Monday, December 16, 2019

Learning From Labour's Loss

I don't follow British politics very closely. I know that the UK uses a parliamentarian system and over the years I have been familiar with some of the leading English politicians. I know something about the policy positions of the major parties. I am hardly a keen observer of the British political scene.

Despite that disclaimer, I have found it interesting that the electorate of the United States and the UK have followed somewhat similar cycles in their voting patterns over the last 40 years.

USA/UK Election Background

Ronald Reagan's election in 1980 in the United States ushered in a completely different era in American politics. Before Reagan, conservative views were at the fringes of the body politic. There was very little difference between a lot of Republicans and Democrats. In fact, many Democrats in the 1960's and 1970's from the South and West were more conservative than Republicans from the Northeast and Midwest.

The United Kingdom suffered economic malaise in the 1970's. The economy was struggling, inflation was high and labor union strikes were common occurrences. Many large industries (rail, airlines, public utilities) were owned by the British government.

By 1979, the Labour Party had been in control of the British government for 12 of the previous 15 years before Margaret Thatcher took control with the Conservative party. Thatcher set about privatizing most of the government-owned businesses and the British economy started to recover. Thatcher would serve for almost 12 years.

Ronald Reagan and Margaret Thatcher
Credit: WikiCommons

A year later Ronald Reagan won in the United States. He served for 8 years and was followed by George H.W. Bush who some would describe as Reagan lite. Thatcher was succeeded similarly by Conservative John Major who was more mild-mannered and moderate than Thatcher and served 6 years. It is hard not to see the similarities between Reagan/Bush and Thatcher/Major.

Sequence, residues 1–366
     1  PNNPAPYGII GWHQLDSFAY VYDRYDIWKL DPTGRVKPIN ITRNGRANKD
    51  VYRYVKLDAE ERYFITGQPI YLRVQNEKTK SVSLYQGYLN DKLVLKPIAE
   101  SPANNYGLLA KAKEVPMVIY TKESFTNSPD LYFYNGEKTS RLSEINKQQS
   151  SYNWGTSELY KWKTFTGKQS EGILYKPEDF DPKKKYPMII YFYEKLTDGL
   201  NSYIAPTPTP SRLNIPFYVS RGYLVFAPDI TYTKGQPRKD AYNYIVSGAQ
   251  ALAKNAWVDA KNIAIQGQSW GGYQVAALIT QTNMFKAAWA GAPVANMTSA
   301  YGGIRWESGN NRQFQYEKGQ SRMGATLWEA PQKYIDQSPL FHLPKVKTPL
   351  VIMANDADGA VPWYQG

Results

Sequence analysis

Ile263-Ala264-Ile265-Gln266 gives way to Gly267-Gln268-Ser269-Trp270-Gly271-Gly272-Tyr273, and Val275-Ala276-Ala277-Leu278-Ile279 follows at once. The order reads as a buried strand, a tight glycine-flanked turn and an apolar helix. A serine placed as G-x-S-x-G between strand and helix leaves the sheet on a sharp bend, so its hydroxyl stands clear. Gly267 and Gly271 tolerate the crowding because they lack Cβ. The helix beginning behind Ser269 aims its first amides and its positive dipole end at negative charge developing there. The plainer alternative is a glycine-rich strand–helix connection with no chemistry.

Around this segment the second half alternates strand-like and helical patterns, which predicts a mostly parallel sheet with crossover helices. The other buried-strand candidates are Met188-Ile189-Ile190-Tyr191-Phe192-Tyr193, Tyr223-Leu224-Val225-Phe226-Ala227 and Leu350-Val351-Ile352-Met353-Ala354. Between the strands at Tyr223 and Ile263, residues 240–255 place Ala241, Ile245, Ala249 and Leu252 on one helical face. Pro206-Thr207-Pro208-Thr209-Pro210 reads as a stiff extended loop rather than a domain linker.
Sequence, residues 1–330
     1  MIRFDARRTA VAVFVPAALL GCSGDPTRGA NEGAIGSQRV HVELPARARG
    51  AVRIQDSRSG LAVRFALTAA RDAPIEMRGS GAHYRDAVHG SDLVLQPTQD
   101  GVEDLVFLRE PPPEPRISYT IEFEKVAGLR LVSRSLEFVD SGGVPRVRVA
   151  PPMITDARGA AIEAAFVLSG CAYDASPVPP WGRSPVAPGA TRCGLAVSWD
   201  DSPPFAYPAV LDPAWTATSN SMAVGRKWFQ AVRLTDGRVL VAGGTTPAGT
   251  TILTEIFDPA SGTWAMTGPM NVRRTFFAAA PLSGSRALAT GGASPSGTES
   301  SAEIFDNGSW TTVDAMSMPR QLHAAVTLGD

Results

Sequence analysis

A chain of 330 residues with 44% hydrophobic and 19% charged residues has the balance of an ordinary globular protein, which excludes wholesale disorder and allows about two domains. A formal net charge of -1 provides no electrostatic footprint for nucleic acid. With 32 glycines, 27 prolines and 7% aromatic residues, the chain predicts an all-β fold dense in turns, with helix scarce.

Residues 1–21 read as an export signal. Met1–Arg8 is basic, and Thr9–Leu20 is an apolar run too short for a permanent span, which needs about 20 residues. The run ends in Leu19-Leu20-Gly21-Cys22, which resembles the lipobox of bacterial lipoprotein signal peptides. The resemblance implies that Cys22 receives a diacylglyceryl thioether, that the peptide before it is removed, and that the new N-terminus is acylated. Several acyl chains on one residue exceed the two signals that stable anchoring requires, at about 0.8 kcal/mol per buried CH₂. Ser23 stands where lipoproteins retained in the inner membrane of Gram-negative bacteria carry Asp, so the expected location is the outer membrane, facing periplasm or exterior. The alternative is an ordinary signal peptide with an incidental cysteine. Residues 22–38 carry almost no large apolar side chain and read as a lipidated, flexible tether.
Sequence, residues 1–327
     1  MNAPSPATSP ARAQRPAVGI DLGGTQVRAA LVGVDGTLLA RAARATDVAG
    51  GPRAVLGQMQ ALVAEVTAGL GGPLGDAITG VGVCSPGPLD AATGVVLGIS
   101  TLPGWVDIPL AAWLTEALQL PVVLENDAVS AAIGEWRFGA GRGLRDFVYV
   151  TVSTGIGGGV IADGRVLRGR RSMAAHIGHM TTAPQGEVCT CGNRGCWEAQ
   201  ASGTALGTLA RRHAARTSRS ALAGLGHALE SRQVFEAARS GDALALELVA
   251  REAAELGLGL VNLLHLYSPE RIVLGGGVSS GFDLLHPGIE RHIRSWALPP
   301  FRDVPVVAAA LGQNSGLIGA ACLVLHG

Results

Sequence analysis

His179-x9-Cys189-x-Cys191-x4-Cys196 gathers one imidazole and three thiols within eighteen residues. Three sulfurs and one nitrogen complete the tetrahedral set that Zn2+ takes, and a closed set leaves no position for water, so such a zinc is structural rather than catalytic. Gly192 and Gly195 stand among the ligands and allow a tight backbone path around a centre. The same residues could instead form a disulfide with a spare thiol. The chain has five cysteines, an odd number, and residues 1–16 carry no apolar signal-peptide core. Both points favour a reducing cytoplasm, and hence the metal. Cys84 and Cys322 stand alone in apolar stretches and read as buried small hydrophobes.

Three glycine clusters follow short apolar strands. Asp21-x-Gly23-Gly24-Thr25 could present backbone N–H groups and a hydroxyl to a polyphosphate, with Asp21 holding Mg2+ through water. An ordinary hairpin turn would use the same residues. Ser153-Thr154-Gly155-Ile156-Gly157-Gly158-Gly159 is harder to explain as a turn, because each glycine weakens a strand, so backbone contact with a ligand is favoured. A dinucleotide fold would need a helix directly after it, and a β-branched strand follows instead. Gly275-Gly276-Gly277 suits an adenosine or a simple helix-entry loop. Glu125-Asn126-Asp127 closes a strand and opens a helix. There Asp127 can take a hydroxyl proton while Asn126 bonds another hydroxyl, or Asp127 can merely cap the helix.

Major was followed by Tony Blair of the Labour Party in 1997. Many at the time saw many similarities in the style of Blair to Bill Clinton who was elected in 1992. Clinton went on to serve 8 years and Blair led the UK for 10 years to be followed by Labour's Gordon Brown for 3 years.

In the meantime, George W. Bush returned the White House to the Republicans for two terms and the UK returned to Conservative rule in 2010 which they have held to this day with three different Prime Ministers--David Cameron, Theresa May and Boris Johnson. The only thing missing was a Barack Obama figure to rescue the Labour Party in Great Britain.

We now have Donald Trump and Boris Johnson who share a lot of the same similarities. They are brash and at uncouth at times . They are not always politically correct. However, they favor populism over elitism and nationalism over globalism. You could say both are imperfect. However, they both benefited by running against opponents who were even more flawed.

Boris Johnson and Donald Trump

There are a lot of parallels looking back over those 40 years. As I have said in these pages in the past, history may not repeat but it surely rhymes. You can say the same thing looking at the last 40 years of politics in the UK and USA.

Of course, the defining political moment in both the UK and USA recently were the events of 2015 and 2016.